Margaret Hodge: The North East Productivity Alliances Dissemination of Best Manufacturing Practice project has helped 286 General Manufacturing companies in the region since its inception in 2003; of which:
35 were based in Tees Valley
92 in County Durham
40 in Northumberland, and
119 in Tyne and Wear
Companies cover all manufacturing sectors in the region, including: Automotive, Aerospace, Food and Drink, Electronics, Plastics, Textiles, Shipbuilding and repair, Oil and gas, Pharmaceuticals, Construction, Marine, Rail, White Goods, Process industries, Printing, Furniture and General Engineering. The project has been evaluated in a number of ways during this time: including through the National Audit Offices assessment of the performance of One NorthEast, and in studies by Tribal HCH (March 2005), KPMG (March 2005 and ERS (March 2006).
Malcolm Wicks: Prior to final disposal, nuclear waste needs to be stored on an interim basis. Interim storage occurs on all NDA and British Energy sites. The search for a final disposal repository location has not yet begun and there are no sites currently under consideration.
On 25 October 2006 the UK Government and Devolved Administrations responded to the report published on 31 July 2006 by the Committee on Radioactive Waste Management (CoRWM). The Government accepted that geological disposal coupled with safe and secure interim storage is the best way forward for the long-term management of the UKs higher activity radioactive wastes. The Government also confirmed they are supportive of exploring an approach based on voluntarism (that is, willingness to participate) and partnership with local communities.
Malcolm Wicks: Intellectual Property is key to UK competitiveness in a global knowledge economy and the Patent Office is responsible for the IP regime which allows creators and inventors limited privileges, enabling them to lever economic success from their creativity.
The DTI Innovation Report, launched in December 2003 set out how the DTI needed to improve the way it
helped UK businesses to successfully exploit their new ideas. The Patent Offices role has been key in taking forward recommendations arising out of the report which included increased awareness and understanding of IP, improved confidence in IP protection by improving speed and costs of resolving disputes and working with others in tackling IP crime. Outcomes have included a range of tailored awareness raising for SMEs and an educational resource, the introduction of an Opinions service and publication of the first National Enforcement Report and IP Crime Strategy.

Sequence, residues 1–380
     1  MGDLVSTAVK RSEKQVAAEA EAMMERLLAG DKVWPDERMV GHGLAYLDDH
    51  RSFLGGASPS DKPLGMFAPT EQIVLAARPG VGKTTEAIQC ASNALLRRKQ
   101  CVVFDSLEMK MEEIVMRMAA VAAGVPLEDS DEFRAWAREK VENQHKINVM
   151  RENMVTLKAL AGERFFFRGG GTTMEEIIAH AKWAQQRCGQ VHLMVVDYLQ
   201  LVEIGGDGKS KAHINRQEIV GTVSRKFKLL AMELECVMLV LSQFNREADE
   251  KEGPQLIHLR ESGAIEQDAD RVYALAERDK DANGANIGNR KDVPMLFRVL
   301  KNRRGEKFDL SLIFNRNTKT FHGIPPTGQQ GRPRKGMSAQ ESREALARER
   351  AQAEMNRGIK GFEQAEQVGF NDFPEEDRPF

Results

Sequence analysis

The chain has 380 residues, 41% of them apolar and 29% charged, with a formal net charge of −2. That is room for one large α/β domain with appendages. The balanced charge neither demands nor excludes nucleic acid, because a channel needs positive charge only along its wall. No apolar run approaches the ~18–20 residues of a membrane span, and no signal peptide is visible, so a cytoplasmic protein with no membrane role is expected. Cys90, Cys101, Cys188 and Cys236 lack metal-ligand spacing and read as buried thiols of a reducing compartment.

A recommendation of Better Government ServicesExecutive Agencies in the 21(st) Century published by the Prime Ministers Office of Public Services Reform in July 2002 was that the central programme of quinquennial reviews of agencies such as the Patent Office (last reviewed in 2001) was abolished and replaced by business reviews of the end-to-end process in achieving specific outcomes. Each year the Patent Office agrees its Business Plan with the Department of Trade and Industry to ensure its objectives match departmental objectives and plans. Agency targets are reviewed on an annual basis and agreed in discussion with the Department and Minister. The Patent Office has a track record of continued improvement on timeliness of delivery of patents, trade marks and designs and has continued to reduce its backlogs (17 per cent. reduction in patents backlog for the financial year 2005-06). Agency targets for 2005-06 were met or exceeded and this trend continues into 2006-07.
Chris Ruane: To ask the Secretary of State for Trade and Industry what assessment he has made of the social (a) role played and (b) value provided by post offices in disadvantaged communities; and if he will make a statement. 
Jim Fitzpatrick: The Government have invested more than £2 billion since 1999 in the Post Office network because we recognise the important social value and economic role of post offices, particularly in rural and deprived urban areas. We also recognise that many such post offices can never be commercially viable and will need continued public funding. We will be announcing shortly our proposals for ensuring a long-term stable footing for a national Post Office network.
Charles Hendry: To ask the Secretary of State for Trade and Industry which public appointments have been made by his Department to former Ministers who have served in the Government since May 1997. 
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Malcolm Wicks: The Low Carbon Buildings Programme Phase 1 was launched on 1 April 2006, with a budget of £28.5 million available for allocation to successful applicants over three years. This budget was divided into streams 1 and 2 for £10.5 million and £18 million respectively.
Currently, local authorities can apply under streams 1 and 2 of the programme, depending on the scale of their project, while businesses can apply under stream 2 only. Wind turbines are eligible under both streams. Local authorities can also apply for grants under Phase 2 of the programme, where a further £50 million has been made available to the public and not for profit sector, including funding for wind turbines.
Margaret Hodge: The Office of Communications (Ofcom), the independent regulator of communications is responsible for managing civil radio spectrum in the UK including setting the policy for optimizing its use. S Band is used for mobile satellite communications and the arrangements for its future allocation, and assignment to specific services, is therefore subject to international discussions within the relevant EU Committees. There are a number of potentially competing demands for access to this spectrum for both two-way mobile communication and for mobile TV. Ofcom represents the UK at EU meetings dealing with spectrum issues and regularly consults interested parties. I have not received any representations within the last 12 months, nor have I had discussions with Ofcom, but my officials are in regular contact with both Ofcom and industry representatives.